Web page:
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Wednesday, April 21, 2004
Topics in weblogs

Seth Ladd's SemErgence weblog (which I found thanks to Jamie Pitts, whom I discovered because he listed himself on the wiki page I set up a few hours ago) has been concerning itself with topics in weblogs lately. It will be interesting to see where these efforts will lead - presumably it will turn out a little different from the Internet Topic Exchange and K-collector efforts, given the RDF bent.

Speaking of the Topic Exchange, next month I will be presenting a paper about it by Phil Pearson and myself, titled "A Topic Sharing Infrastructure for Weblog Networks" (pdf, 500k), at the Communication Networks and Services Research conference. Here's the abstract:

Weblogs have recently emerged as a popular means of sharing information on the Web. While they effectively foster the networking of participants on a one-to-one basis, so far they have been lacking the capacity of allowing the establishment of many-to-many communication relationships. This paper describes recent work on facilitating group-forming processes and the sharing of content among weblog authors with shared interests. We have designed, implemented and tested the Internet Topic Exchange, a system that enables weblog posts to be shared among open groups in the form that we call topic channels. After nearly a year of operation, more than 200 topic channels have been created; several of them have been very active and have brought together many participants. This suggests that our approach to enabling weblog authors and topical content to cluster while retaining the advantages of personal publishing is a viable one.

This post also appears on channel weblog research

What do you think? []  links to this post    6:43:57 PM  
Blood's Law of Weblog History:

"The year you discovered weblogs and/or started your own is 'The Year Blogs Exploded'."

(from Melanie McBride's insightful "Linked Out: Blogging, Equality, and the Future" article in Mindjack)

What do you think? []  links to this post    3:38:28 PM  
Creating a self-organizing weblog directory

As everyone has noticed by now, the blogosphere is rather tricky to get around in, especially for newcomers, and the efforts at mapping it have remained pretty much scattered and fragmentary. Even if you restrict your view to the small space of academic weblogs, things aren't really better. Alex Halavais has launched into an effort of his own in that space, and upon reading this I've started a Wiki page to help find a promising strategy for enabling a self-organizing directory of research weblogs. You're welcome to contribute. Antonio Granado and Catarina Reis, the curators of the PhDWeblogs database (which gets many things right), are also in on this.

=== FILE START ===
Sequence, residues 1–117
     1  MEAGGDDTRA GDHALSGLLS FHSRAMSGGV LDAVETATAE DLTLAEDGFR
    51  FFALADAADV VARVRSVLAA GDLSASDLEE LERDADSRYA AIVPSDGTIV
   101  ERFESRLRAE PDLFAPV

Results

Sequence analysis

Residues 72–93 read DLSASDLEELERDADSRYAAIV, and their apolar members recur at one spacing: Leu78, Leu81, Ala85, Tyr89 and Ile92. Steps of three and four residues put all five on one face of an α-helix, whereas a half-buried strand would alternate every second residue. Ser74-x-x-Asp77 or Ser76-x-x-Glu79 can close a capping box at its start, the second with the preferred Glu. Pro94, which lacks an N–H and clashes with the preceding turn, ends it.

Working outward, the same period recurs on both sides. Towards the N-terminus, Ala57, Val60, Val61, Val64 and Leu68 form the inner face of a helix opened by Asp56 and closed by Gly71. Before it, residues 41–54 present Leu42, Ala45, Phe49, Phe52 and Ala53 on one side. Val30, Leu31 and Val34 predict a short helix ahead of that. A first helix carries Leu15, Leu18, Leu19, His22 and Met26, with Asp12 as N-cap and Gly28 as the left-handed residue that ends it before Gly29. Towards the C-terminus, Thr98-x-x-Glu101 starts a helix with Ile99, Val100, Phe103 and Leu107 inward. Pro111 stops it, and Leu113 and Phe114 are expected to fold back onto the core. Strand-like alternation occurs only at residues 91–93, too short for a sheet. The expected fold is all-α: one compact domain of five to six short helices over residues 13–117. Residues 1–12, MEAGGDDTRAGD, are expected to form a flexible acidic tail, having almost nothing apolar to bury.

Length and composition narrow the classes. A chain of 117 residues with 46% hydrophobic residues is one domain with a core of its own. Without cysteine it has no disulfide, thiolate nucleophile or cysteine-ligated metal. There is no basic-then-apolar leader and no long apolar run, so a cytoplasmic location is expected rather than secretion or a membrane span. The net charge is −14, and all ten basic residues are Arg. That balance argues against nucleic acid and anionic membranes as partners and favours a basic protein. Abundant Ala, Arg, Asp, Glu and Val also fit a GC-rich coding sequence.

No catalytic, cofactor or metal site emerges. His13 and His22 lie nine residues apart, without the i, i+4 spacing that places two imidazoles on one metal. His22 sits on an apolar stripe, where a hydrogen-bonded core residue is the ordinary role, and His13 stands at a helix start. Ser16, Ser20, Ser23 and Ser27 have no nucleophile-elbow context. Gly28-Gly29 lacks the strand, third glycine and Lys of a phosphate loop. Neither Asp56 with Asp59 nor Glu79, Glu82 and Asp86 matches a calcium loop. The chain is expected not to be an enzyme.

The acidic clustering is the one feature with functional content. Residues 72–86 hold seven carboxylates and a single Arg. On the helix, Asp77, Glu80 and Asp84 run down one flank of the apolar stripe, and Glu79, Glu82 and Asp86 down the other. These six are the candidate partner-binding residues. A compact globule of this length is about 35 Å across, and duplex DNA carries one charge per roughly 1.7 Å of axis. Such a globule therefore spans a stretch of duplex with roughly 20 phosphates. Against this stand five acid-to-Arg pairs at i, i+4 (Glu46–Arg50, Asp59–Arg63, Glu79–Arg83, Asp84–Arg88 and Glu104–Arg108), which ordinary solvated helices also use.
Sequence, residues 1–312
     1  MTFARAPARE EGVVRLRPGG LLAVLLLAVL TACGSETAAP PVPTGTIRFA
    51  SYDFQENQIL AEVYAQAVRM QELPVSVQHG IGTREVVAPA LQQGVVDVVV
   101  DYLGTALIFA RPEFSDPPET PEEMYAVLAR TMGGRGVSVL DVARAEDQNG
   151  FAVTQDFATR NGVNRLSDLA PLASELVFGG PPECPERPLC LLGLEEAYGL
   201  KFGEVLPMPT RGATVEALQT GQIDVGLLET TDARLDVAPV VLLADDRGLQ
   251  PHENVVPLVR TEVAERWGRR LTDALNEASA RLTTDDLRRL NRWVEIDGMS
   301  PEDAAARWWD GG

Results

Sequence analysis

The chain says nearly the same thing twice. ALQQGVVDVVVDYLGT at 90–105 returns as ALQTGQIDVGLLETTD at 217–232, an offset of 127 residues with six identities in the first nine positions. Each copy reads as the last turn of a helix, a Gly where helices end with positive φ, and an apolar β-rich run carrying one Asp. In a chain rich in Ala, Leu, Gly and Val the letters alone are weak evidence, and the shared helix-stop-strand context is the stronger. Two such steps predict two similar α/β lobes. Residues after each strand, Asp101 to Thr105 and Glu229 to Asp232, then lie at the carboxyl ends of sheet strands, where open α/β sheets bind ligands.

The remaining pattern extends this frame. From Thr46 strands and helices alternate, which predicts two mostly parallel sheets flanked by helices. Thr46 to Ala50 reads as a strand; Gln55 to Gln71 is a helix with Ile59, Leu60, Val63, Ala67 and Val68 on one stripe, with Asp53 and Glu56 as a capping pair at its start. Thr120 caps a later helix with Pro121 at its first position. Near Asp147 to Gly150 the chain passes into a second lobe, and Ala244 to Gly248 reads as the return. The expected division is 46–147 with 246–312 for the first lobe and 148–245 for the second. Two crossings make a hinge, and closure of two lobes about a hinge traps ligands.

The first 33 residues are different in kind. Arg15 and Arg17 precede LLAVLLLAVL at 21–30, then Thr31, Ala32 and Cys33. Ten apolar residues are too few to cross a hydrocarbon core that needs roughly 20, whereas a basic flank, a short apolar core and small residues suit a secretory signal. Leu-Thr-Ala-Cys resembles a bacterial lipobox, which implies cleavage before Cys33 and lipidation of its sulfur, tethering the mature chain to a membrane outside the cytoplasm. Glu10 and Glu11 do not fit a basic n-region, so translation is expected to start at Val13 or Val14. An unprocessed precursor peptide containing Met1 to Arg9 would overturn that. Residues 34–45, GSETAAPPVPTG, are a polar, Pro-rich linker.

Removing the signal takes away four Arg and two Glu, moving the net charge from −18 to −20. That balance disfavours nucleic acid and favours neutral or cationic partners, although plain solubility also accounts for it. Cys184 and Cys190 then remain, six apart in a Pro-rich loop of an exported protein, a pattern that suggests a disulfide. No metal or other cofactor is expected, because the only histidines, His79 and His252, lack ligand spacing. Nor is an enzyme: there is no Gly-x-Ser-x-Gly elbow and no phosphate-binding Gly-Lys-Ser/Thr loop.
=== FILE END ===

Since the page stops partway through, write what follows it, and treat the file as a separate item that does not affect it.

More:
"Old"-timers may recall that a couple years ago the weblog metadata initiative was started with a similar aim; alas, it seems moribund now, but it may be time to revive the idea.

Right now I see the most promise in a GeoURL-like scheme with badges that link back and provide visibility and a metadata harvester to collect the data. However, not everyone likes them badges (exhibit A: ico_hate_these.gif , found while fishing for 'em), and the issue of having everyone fiddle with their main page templates in order to register is an unwelcome obstacle.

But you know what would be great? (I hope some of the Six Apart folks will read this..) Having a badges section in the management section, which would enable drag-and-drop addition of badges to the main page's template. The process would work like this: 1- You register at some metatag service and it gives you a "badge code" (just a string of HTML). 2- You paste that code in your badges section and your main page template is automagically updated to show the newly added badge. Falls short of being ridiculously easy, but I'm sure many people find the prospect of trying to locate stuff in their template file daunting.

I think this should be an ongoing conversation, so I've created a Topic Exchange channel for weblog metadata. Use it to draw attention to your posts that relate to that topic. If you have a TrackBack-capable tool, just link to the channel's page from within your post and a reciprocal link will show up. If not (or if it didn't work), use the form provided at the bottom of the page.

This post also appears on the open channel weblog metadata

What do you think? []  links to this post    1:03:39 PM  
Narasimha Chari's technology weblog

VenChar - interesting, hi-signal technology weblog, by Narasimha Chari. A recent post describes MySQL as a textbook case of disruptive innovation. I also learned about the Goldilocks pricing trick - introducing a premium product to boost sales of your mid-range one. I'm subscribed.

What do you think? []  links to this post    9:07:32 AM  

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